Couldn't be further from the truth. Go use an M and be informed. An F6 is as different to an M6 as an F6 is a different to an F3.
    Stop worrying about grain, resolution, sharpness, and everything else that doesn't have a damn thing to do with substance.

    http://www.flickr.com/kediwah

  4. #34
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    I have both an F3 and a M3 and look at them as tools. Choice of tool depends on the job and ones experience with their tools.

    Similar to copy paper and a copy machine, a quick copy vs. a many page document.


    The quality of the tool is important and a separate issue, and camera collector vs. photographer, each will have different reasons for the choice made.
    Items for sale or trade at www.Camera35.com

  5. #35

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    Quote Originally Posted by clayne View Post
    Couldn't be further from the truth. Go use an M and be informed. An F6 is as different to an M6 as an F6 is a different to an F3.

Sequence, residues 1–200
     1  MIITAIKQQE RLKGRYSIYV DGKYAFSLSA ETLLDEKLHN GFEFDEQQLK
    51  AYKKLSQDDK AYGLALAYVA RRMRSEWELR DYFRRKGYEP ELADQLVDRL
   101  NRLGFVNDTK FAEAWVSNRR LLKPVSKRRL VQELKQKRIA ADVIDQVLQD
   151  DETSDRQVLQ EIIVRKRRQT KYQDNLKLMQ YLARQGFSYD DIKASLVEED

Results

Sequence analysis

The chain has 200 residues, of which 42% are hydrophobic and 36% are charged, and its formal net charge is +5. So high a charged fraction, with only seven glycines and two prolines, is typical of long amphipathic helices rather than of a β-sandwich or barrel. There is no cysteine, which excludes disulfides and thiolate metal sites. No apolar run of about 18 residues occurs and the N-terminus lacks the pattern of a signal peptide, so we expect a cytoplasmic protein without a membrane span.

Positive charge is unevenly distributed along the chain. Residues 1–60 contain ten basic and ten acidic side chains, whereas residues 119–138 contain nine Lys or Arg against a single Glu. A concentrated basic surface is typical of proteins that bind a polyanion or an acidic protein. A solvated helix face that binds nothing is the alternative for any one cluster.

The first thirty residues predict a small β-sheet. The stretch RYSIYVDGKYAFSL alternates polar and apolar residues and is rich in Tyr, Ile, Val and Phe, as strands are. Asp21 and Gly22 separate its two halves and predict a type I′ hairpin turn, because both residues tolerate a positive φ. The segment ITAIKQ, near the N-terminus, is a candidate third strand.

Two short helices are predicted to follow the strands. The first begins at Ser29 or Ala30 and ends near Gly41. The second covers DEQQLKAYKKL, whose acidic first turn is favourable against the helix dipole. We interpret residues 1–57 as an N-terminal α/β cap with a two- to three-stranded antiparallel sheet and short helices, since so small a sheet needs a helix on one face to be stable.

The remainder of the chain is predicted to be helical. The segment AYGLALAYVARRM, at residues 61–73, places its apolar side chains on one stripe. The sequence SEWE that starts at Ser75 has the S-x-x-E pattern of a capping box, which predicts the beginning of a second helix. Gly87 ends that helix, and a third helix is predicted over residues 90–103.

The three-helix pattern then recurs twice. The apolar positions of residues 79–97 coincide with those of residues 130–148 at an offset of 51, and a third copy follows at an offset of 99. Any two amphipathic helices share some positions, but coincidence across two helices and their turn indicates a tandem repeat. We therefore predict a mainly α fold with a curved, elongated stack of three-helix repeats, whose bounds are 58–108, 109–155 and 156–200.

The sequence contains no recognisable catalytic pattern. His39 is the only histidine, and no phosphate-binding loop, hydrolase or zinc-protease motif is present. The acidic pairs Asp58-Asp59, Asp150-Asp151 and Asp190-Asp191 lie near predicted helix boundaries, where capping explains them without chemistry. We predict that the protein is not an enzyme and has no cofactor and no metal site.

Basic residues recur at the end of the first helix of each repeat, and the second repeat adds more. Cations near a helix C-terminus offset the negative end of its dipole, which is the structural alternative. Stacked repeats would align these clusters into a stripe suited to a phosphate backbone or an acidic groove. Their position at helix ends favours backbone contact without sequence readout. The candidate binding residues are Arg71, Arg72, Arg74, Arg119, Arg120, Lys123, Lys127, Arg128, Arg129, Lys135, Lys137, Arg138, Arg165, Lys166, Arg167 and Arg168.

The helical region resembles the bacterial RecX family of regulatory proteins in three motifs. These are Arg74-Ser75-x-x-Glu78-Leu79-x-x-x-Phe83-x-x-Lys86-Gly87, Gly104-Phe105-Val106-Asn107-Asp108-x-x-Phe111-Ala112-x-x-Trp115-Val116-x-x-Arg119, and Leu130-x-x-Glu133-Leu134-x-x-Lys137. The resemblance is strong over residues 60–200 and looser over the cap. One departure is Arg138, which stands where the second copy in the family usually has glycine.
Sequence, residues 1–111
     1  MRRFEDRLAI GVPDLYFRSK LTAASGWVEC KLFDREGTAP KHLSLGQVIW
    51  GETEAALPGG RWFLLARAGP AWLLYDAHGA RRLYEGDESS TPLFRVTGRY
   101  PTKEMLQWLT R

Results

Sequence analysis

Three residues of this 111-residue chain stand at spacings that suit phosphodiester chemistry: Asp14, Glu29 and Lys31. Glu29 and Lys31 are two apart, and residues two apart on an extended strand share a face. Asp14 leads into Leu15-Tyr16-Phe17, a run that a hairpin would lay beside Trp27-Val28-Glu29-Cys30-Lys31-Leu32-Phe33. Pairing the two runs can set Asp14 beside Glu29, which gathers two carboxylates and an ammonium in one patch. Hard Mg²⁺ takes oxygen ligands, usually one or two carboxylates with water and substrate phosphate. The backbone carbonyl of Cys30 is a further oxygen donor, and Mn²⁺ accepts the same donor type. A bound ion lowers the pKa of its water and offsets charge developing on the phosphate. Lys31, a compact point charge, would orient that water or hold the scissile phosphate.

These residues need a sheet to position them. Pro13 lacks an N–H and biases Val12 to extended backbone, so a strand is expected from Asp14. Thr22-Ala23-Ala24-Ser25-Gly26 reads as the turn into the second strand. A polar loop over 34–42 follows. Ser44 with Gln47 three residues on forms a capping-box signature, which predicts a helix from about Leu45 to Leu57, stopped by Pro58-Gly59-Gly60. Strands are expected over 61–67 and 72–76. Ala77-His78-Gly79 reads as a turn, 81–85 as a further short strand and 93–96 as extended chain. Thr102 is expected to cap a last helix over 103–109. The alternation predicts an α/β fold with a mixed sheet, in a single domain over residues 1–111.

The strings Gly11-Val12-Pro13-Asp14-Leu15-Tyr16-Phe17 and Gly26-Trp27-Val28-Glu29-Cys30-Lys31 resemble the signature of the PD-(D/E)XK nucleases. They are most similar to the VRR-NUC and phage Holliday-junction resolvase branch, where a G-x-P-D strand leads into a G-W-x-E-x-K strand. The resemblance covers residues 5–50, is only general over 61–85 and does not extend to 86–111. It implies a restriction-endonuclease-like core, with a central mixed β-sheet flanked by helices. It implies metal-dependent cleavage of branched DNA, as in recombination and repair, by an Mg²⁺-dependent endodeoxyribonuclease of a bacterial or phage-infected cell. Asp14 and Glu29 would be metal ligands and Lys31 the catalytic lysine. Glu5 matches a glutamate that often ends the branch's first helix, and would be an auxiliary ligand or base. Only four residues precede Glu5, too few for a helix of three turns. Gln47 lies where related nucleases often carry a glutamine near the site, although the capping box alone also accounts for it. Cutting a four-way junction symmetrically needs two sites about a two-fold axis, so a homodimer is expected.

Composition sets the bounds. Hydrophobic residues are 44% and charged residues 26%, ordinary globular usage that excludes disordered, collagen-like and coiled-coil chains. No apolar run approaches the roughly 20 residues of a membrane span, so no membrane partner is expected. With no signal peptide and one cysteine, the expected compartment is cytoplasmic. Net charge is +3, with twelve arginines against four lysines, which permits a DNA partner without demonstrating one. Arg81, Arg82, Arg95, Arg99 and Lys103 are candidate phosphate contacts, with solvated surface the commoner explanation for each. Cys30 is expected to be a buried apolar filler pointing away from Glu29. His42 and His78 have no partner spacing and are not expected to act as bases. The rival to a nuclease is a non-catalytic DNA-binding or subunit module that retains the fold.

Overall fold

hmmm... sorry, i'm confused... which part exactly is far from truth?

    owned leica - check
    sold leica - check
    prefer nikon - check
    kept nikon - check
    focused sun rays burn holes in textiles - check
    not all Ms i have heard were more quiet than the F6 - check



    ps. to be sure, looking at my pictures now i have no idea which one was taken with which camera... which could be a good thing, too... not so much tantalizing as notgiveadamnizing, really
    Last edited by Vilk; 01-23-2012 at 08:07 PM. Click to view previous post history.

  6. #36
    EASmithV's Avatar
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    If you want something that you can do zone focus, and is very quiet, get a Nikon F, and lock up the mirror. They're verrrryyyy quiet then.

    Then again, the only rangefinder I use with any regularity is a Graflex...
    www.EASmithV.com

    "The camera is an instrument that teaches people how to see without a camera."— Dorothea Lange
    http://www.flickr.com/easmithv/
    RIP Kodachrome

  7. #37
    EASmithV's Avatar
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    Quote Originally Posted by AgentX View Post
    If your primary interest in the Leica is how it feels when you're fondling it, you probably won't be disappointed with the Leica, so you might as well buy it now.

    HAHA
    www.EASmithV.com